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Images and illustration from Akinduro et al. (pp 834–843). Copyright Tito Vivas-Buitrago. Published with permission.
  • FIG. 1.

    Illustration of the measurement of the degree of vertebral slippage as the ratio between the sagittal length of the superior surface of the lower vertebra (A) and the distance between the posteroinferior border of the upper vertebra and the posterosuperior border of the lower vertebra (B) (formula: B/A * 100).

  • FIG. 2.

    Facet joint angle. Illustration of the angle between a midsagittal line (solid line) and a tangent of the articular surface (dotted lines).

  • FIG. 3.

    CT (left) and T2-weighted MR (right) axial images of spondylotic changes in the lumbar facet joints. Disruption of the articular surface of the facet joints and hydrarthrosis were observed (arrows).

  • FIG. 4.

    Axial MR image (left) and intraoperative photograph (right) obtained in a patient with a postoperative synovial cyst. The cyst was concealed under the superior articular process consecutive from the articular surface.

  • 1

    Gupta MC, Khan SN. Lumbar diskectomy and stenosis surgery. In: Rao RD, ed.Complications in Orthopaedics: Spine Surgery. AAOS; 2006:5564.

  • 2

    Epstein NE. Lumbar synovial cysts: a review of diagnosis, surgical management, and outcome assessment. J Spinal Disord Tech. 2004;17(4):321325.

  • 3

    Howington JU, Connolly ES, Voorhies RM. Intraspinal synovial cysts: 10-year experience at the Ochsner Clinic. J Neurosurg. 1999;91(2)(suppl):193199.

  • 4

    Kjerulf TD, Terry DW Jr, Boubelik RJ. Lumbar synovial or ganglion cysts. Neurosurgery. 1986;19(3):415420.

  • 5

    Vosschulte K, Borger G. The inflammatory processes in sciatica due to intervertebral disk hernia. Article in German. Med Monatsschr. 1950;4(5):371375.

  • 6

    Kanayama M, Hashimoto T, Shigenobu K, et al. Intraoperative biomechanical assessment of lumbar spinal instability: validation of radiographic parameters indicating anterior column support in lumbar spinal fusion. Spine (Phila Pa 1976).2003;28(20):23682372.

    • Crossref
    • PubMed
    • Search Google Scholar
    • Export Citation
  • 7

    Taillard W. Spondylolisthesis in children and adolescents. Article in French. Acta Orthop Scand. 1954;24(2):115144.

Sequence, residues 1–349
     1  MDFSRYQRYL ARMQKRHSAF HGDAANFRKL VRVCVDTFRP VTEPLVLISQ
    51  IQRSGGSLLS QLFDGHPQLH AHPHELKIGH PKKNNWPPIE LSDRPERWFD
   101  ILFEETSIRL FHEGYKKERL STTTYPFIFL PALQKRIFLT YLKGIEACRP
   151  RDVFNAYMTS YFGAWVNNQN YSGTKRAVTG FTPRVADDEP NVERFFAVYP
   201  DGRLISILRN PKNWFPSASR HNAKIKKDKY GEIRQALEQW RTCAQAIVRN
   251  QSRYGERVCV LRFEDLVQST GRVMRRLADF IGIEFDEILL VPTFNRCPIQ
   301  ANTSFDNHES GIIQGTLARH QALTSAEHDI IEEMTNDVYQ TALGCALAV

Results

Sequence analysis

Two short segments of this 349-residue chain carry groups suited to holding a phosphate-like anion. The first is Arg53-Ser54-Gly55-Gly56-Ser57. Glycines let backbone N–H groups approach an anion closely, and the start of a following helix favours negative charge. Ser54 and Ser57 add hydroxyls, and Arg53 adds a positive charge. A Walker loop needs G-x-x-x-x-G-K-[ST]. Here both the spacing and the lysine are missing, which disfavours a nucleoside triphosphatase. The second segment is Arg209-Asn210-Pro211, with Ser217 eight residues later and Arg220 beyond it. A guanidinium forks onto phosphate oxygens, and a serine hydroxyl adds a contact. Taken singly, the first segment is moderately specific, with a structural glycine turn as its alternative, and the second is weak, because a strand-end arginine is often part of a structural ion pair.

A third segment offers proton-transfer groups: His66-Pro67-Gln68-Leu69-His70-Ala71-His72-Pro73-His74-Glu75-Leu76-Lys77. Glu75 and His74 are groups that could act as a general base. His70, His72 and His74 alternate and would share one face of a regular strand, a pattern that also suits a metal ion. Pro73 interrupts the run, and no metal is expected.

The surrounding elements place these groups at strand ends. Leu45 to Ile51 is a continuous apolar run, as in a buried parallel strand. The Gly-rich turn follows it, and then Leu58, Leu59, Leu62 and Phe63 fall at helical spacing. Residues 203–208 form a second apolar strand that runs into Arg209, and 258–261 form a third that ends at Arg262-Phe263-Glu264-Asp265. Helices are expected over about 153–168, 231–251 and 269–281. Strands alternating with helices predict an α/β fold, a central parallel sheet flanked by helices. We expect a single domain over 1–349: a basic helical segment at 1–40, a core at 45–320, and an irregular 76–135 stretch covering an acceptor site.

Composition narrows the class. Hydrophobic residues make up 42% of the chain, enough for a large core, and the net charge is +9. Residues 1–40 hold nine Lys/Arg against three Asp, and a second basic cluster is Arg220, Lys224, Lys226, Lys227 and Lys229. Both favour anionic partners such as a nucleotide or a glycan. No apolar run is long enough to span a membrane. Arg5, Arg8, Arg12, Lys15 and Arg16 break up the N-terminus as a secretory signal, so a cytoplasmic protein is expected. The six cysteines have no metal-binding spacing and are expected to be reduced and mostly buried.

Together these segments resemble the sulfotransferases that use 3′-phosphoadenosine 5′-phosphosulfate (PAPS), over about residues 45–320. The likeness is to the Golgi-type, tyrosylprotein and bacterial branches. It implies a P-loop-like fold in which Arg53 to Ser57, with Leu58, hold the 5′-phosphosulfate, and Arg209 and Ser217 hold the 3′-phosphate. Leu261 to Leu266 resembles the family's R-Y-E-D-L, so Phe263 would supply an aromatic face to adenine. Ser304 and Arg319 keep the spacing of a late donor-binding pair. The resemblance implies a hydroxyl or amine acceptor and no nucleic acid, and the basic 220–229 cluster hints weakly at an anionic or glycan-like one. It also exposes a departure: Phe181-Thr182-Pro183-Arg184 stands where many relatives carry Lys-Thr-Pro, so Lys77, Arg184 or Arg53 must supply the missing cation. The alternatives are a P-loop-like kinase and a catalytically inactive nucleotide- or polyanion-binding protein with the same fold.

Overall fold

• 8

    Pathria M, Sartoris DJ, Resnick D. Osteoarthritis of the facet joints: accuracy of oblique radiographic assessment. Radiology. 1987;164(1):227230.

  • 9

    Arantes M, Silva RS, Romão H, et al. Spontaneous hemorrhage in a lumbar ganglion cyst. Spine (Phila Pa 1976).2008;33(15):E521E524.

  • 10

    Banning CS, Thorell WE, Leibrock LG. Patient outcome after resection of lumbar juxtafacet cysts. Spine (Phila Pa 1976).2001;26(8):969972.

  • 11

    Chimento GF, Ricciardi JE, Whitecloud TS III. Intraspinal extradural ganglion cyst. J Spinal Disord. 1995;8(1):8285.

  • 12

    Eck JC, Triantafyllou SJ. Hemorrhagic lumbar synovial facet cyst secondary to anticoagulation therapy. Spine J. 2005;5(4):451453.

  • 13

    Epstein NE. Lumbar laminectomy for the resection of synovial cysts and coexisting lumbar spinal stenosis or degenerative spondylolisthesis: an outcome study. Spine(Phila Pa 1976).2004;29(9):10491056.

    • Crossref
    • PubMed
    • Search Google Scholar
    • Export Citation
  • 14

    Van Schaik JP, Verbiest H, Van Schaik FD. The orientation of laminae and facet joints in the lower lumbar spine. Spine (Phila Pa 1976).1985;10(1):5963.

    • Crossref
    • PubMed
    • Search Google Scholar
    • Export Citation
  • 15

    Doyle AJ, Merrilees M. Synovial cysts of the lumbar facet joints in a symptomatic population: prevalence on magnetic resonance imaging. Spine (Phila Pa 1976).2004;29(8):874878.

    • Crossref
    • PubMed
    • Search Google Scholar
    • Export Citation
  • 16

    Ikuta K, Tono O, Oga M. Prevalence and clinical features of intraspinal facet cysts after decompression surgery for lumbar spinal stenosis. J Neurosurg Spine. 2009;10(6):617622.

    • Crossref
    • PubMed
    • Search Google Scholar
    • Export Citation
  • 17

    Seo JH, Park G, Ju CI, et al. Radiological analysis of symptomatic complications after bilateral laminotomy for lumbar spinal stenosis. Korean J Spine. 2012;9(1):1823.

    • Crossref
    • PubMed
    • Search Google Scholar
    • Export Citation
  • 18